On the last days of March Matthieu Maggi would still, at 95 emerge from his home at number 22 Avenue Foch just behind the Alphand monument and walk the long tree lined avenue to the Bois de Boulogne. For his age he was very athletic and looking a mere 75 he made the trip in no time. The people who passed Monsieur Maggi always noticed that he seemed a bit out of time sporting “The New Edwardian Look” of the 1950’s. He always wore a hat. It was his signature.
(Monument to Jean-Charles Alphand and 22 Ave. Foch)
As he passed beneath early blooming plum trees near the park entrance he would think inevitably of her and the place in the Bois she called the silver woods. He walked there every day and always it seemed like moving through enfiladed rooms of the past when he crossed the circle at Porte Dauphine. Each room had a silver polished silver name plate beside the door, the 90’s, the 80’s, 1958, 1947 1939, 1929. When he stepped into the park he was a boy again. 1925.
His parents of an old Moneyed Parisian family had moved to what was then called Avenue du Bois de Boulogne that year when he was ten years old. To be so near the wilds of the park excited him. Matthieu always found a way to slip away form his nanny, or the tutors and sneak off to the park to explore. He imagined it to be many things but is favorite was a wild jungle in the Belgian Congo.
Spring was about to explode over Paris the day he discovered he was lost in a part of the park he had never been to before. It was so unusual and almost magical with the trees pushing out a silvery green new leaves and the bark a most shimmery nearly hoary grey. He sat down on the moist grass and breathed in deep the wonderful smell of the silver woods. He closed his eyes and dug his fingers into the earth and thought of the book he was reading, Tarzan of the Apes.
The sound of a guttural low purr vibrated next to his left ear sending an electric shiver to his toes and back up to the top of his head. Hot moist nostrils nudged his ear and the purr turned to something of a growl. He opened his eyes and turned his head just enough to be face to face with a cheetah wearing a huge diamond dog collar. His eyes went wide and wild and he was about to jump and run.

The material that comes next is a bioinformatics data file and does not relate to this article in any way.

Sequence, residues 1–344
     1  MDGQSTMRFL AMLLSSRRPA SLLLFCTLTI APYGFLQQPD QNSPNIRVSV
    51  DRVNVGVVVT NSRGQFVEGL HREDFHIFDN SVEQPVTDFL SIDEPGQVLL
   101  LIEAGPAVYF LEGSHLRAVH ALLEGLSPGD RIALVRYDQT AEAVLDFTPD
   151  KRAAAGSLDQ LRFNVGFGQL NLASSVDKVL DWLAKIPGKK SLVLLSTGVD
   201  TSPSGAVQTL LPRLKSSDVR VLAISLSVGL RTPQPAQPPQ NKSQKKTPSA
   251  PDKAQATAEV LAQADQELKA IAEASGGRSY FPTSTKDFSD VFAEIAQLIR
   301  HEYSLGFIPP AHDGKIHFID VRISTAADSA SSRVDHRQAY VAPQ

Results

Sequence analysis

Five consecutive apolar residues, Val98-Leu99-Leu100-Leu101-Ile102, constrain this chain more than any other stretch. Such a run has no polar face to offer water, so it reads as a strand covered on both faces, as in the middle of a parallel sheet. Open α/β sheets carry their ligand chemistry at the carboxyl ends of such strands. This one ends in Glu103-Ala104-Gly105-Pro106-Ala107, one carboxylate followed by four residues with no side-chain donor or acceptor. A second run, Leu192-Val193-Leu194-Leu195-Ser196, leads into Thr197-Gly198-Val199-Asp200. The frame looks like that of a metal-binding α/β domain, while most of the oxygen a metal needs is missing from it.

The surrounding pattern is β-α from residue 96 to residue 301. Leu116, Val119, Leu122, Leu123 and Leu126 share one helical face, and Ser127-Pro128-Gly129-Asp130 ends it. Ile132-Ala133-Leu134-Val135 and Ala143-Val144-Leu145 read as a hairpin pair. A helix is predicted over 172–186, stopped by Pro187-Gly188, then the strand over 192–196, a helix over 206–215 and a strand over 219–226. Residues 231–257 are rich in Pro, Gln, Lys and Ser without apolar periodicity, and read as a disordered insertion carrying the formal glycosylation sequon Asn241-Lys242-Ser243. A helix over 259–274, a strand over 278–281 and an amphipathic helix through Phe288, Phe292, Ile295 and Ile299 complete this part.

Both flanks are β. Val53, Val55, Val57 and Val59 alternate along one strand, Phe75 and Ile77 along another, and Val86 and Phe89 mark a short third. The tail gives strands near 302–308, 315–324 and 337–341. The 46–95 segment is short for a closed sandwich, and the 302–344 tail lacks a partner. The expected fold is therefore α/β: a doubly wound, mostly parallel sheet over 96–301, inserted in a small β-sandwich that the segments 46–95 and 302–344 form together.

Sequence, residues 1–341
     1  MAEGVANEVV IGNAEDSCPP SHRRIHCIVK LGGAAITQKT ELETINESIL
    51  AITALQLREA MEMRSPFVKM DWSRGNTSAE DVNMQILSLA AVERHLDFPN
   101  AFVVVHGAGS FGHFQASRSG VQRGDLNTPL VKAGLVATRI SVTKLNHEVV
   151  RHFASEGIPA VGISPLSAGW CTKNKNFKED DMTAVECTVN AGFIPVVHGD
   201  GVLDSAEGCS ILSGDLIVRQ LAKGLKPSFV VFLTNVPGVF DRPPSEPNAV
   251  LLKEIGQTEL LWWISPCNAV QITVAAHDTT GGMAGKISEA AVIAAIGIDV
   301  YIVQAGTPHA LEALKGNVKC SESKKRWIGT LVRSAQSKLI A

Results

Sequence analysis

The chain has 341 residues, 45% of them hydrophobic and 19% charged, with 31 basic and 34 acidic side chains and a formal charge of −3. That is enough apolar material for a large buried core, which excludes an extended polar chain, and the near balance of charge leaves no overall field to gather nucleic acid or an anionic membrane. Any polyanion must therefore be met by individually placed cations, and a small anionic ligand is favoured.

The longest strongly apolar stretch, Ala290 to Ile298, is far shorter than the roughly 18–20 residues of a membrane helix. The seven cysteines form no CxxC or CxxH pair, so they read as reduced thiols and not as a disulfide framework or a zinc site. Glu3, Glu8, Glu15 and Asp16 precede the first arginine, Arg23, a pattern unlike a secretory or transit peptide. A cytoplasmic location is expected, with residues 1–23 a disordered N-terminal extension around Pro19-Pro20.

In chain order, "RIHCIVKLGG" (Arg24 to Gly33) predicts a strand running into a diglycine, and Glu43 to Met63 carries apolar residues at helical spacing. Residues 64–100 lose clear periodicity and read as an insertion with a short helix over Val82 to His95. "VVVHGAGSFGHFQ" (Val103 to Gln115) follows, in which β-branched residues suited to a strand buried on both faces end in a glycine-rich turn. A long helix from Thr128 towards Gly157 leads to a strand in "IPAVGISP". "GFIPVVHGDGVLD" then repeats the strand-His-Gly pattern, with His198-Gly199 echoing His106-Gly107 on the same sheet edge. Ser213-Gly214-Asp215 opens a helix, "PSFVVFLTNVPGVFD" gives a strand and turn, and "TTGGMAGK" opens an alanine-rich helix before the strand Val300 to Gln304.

“Don’t be afraid” The woman spoke French with an American accent. She was dressed in silver with a huge corsage of Iris on her shoulder. “Chiquita likes little boys. Not to eat of course, she just fancy’s boys.”
Chiquita’s long rough tongue slathered up the side of his cheek and made him giggle and squirm and suddenly feel safe. The extraordinary café au lait woman laughed like a song bird, crouched down next to him took a purple and yellow silk handkerchief from her bag and tidied up his wet face.
“You are Josephine Baker!” He said in amazement. “I have seen you in the papers! What are you doing here?”
(La Baker and her pet Cheetah, Chiquita)
She stood up and winked “Let’s walk a bit.” Chiquita pulled Mademoiselle Baker forward by the leather leash and Matthieu fell in step beside her. She explained how since her arrival in Paris it was her greatest joy to walk Chiquita in the Bois in the early afternoon. This was her time to contemplate and be alone away from all the madness of Théâtre de Champs Élysées and the stage door Johnnies who hounded her after they had seen her “Banana Dance”. Enraptured and perhaps a little in love with the exotic lady and her cat Matthieu listened to every word in utter adoration. Before he knew it they had come to Allée de Longchamp where her extremely long green and gold limousine and driver were waiting.